Using An Exchange

What Is An Exchange

An exchange is a place where traders go to buy and sell a certain set of assets. In this case cryptocurrencies. Traders want to all go to the same place (with the best fees/features) in order to have a large liquidity pool so they can trade quickly and easily (wanting to buy a million dollars worth of something when there is only half a million available on the exchange won’t bode to well).

Be careful, exchanges are centralized so they make themselves open to attack and exchanges have been hacked in the past and lost customers’ money. This is why it’s important not to keep everything on an exchange. Keep what isn’t being traded off the exchange in a personal wallet. That is a much smaller target than an exchange.

Requirements

Email Address

An active email address that can be verified is needed log into most exchanges. Confirmations and various notifications are also sent to this email.

Picture Of An ID Card

Depending on how much is being traded a user may be asked to submit copies of government ID.  Exchanges have to do this by law.

Funds

Funds from outside the exchange are needed to trade. An existing fiat bank account that can wire money to the exchange, or existing cryptocurrencies already owned.

Having access to a large pool of funds so your trades get filled quickly

Being able to buy and sell many different cryptocurrencies in one place

Having a support team there in case something goes wrong

Pros and Cons

The exchange can run off with Monero or personal information

The exchange can be hacked resulting in loss of Monero or information

Financial activities are more easily monitored by third parties

Different Features Of An Exchange

Trading Pair

The trading pair represents the two currencies that are being traded. The second currency listed is the “base” currency. The base dictates what currency pricing is in.

If Canadian dollars is the base (X/CAD) that means that the prices are in Canadian dollars. Whether it’s BTC, XMR, USD, or pancakes, the price will always be shown in Canadian dollars ($x.xx)

If BTC is the base that means that the prices will be in BTC. Whether it’s XMR, ETH, or cookies the price will Bitcoin (x.xxxxxxxx BTC)

BTC/CAD – Bitcoin Priced in Canadian Dollars

ETH/XMR – Ethereum priced in Monero

USD/EUR – US Dollar priced in Euro

Price Chart

The price chart is most likely the most prominent thing seen once logged in. The most common type of chart shown is a Candle Stick chart (pictured right). This will be just quick overview of the candle stick chart.  The chart to the right is set to the 1 Hour scale as noted by the 1H selected at the top.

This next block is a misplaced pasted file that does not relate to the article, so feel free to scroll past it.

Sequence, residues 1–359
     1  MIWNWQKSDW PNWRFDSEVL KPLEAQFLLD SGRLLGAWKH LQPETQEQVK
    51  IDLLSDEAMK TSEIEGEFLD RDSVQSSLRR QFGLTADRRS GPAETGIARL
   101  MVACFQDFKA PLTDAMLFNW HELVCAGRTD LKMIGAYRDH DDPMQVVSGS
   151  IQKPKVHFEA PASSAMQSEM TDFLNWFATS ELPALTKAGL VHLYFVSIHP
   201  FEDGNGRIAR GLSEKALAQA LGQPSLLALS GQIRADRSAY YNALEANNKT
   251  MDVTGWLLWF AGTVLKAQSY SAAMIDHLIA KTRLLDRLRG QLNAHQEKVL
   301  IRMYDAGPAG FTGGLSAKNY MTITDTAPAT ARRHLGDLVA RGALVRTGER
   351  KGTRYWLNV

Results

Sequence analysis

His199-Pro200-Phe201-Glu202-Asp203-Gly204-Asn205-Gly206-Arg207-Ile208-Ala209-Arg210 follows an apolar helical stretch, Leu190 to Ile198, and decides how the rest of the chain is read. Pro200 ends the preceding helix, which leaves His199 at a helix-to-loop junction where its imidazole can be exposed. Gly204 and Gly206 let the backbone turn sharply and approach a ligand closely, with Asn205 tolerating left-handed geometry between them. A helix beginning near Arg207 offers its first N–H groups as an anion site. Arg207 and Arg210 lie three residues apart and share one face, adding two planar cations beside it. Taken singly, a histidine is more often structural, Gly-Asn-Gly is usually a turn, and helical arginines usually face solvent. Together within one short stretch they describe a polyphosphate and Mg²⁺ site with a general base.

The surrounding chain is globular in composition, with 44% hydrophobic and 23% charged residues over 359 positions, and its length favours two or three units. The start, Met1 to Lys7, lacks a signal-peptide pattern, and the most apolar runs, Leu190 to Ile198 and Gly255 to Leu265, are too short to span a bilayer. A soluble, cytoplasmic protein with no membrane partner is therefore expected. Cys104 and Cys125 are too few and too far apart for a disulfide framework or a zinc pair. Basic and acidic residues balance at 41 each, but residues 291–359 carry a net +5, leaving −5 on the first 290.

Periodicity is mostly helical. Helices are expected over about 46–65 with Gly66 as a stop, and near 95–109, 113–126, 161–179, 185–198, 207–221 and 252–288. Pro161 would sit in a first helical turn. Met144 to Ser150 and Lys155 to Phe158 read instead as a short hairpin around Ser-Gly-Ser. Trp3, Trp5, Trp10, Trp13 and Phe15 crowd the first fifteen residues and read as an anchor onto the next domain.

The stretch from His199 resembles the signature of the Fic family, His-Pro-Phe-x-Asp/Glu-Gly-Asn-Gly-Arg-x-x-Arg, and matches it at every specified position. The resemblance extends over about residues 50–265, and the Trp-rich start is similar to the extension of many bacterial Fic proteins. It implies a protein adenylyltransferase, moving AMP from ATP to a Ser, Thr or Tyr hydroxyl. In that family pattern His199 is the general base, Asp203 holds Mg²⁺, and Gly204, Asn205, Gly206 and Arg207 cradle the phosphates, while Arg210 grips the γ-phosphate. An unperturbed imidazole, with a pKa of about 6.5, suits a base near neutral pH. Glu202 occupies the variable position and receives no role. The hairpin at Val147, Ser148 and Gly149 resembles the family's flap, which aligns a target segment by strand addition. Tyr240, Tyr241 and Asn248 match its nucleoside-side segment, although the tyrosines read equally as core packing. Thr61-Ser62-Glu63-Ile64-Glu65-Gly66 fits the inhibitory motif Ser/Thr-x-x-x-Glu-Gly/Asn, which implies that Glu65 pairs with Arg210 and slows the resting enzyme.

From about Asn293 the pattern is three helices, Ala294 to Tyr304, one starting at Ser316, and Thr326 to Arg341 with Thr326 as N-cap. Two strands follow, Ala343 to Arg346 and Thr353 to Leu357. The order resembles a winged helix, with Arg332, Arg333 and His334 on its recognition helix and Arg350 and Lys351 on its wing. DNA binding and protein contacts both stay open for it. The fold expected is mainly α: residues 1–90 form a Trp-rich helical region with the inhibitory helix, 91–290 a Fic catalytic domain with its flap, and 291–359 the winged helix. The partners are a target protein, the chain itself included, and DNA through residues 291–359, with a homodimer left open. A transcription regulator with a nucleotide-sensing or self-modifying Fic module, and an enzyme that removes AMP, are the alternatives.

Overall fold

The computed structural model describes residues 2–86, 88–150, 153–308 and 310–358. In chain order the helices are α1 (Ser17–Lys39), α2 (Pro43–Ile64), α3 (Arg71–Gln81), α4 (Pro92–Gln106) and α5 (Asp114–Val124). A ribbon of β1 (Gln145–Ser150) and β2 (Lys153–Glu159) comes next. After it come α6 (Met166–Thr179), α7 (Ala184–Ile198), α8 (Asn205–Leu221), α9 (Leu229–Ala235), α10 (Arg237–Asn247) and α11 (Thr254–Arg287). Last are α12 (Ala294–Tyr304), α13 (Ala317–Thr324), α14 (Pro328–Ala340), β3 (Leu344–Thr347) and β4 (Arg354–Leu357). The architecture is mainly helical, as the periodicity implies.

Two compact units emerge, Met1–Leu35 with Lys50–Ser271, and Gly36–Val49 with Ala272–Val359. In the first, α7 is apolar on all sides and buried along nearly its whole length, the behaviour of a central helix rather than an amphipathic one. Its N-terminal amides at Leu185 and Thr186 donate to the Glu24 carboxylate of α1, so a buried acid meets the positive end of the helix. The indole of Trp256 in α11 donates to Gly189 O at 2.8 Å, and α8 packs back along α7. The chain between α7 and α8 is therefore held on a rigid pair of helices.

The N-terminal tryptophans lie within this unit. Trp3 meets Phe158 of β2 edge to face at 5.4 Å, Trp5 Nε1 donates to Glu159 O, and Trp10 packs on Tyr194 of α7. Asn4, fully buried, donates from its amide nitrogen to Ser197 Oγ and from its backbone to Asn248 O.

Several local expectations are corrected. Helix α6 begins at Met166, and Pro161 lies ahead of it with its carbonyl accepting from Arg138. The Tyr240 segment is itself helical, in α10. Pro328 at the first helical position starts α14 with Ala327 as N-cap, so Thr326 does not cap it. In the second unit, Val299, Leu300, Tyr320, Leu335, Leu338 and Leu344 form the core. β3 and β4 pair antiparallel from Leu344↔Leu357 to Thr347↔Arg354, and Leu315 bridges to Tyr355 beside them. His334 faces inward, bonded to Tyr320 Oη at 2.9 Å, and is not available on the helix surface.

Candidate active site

Candle – Each candle represents one unit of time that has been selected.

Wicks – The thin ends of each candle. The wicks indicate the high and low for that time.

Body – The thick part of the candle, it represents the open and close of the selected time. If the candle is green that means the hour closed higher then it opened. If it’s red it means the hour closed lower then it opened.

Order Book

This is where the trades that are currently waiting to be filled can be seen. The pair in this case is XMRUSDT so that means Monero priced in USD.

The order book on the right shows traders are asking a total of 3340.59 USD for 49.894 XMR at a price of 66.95 USD per XMR. If someone wanted 1,000USD worth of Monero their order would be filled at the lowest offered price. However, if someone wanted to buy 5,000 USD they would have two options: Buy everything at the cheapest price then the rest at the new lowest price until their order is filled. Or buy everything at the cheapest price and leave the rest as an order yet to be filled at the same price. The first option would get XMR faster but would also drive the price up.

Order Form

The order form is used to input whether a trader wants to buy or sell regarding the pair they are looking at.

Open Orders

The open orders section shows which of your orders are still in the order book waiting to be filled. Canceling a trade will only cancel the part of the trade that has yet to be filled by the market.

Open Orders

Showing you your order history for your notes and for troubleshooting. Most exchanges will also give the option to export your trade history for your records.

Practice

If all this seemed a little confusing that’s because it is. Exchanges will become more familiar the more you use them. Re-read this a few times while looking at different pairs and different order books to learn how to apply the terms and knowledge properly.

Traditional markets operate in a similar manner to Monero exchanges, don’t be afraid to turn there for help with certain concepts. Follow the button below for steps on how to execute a trade now!

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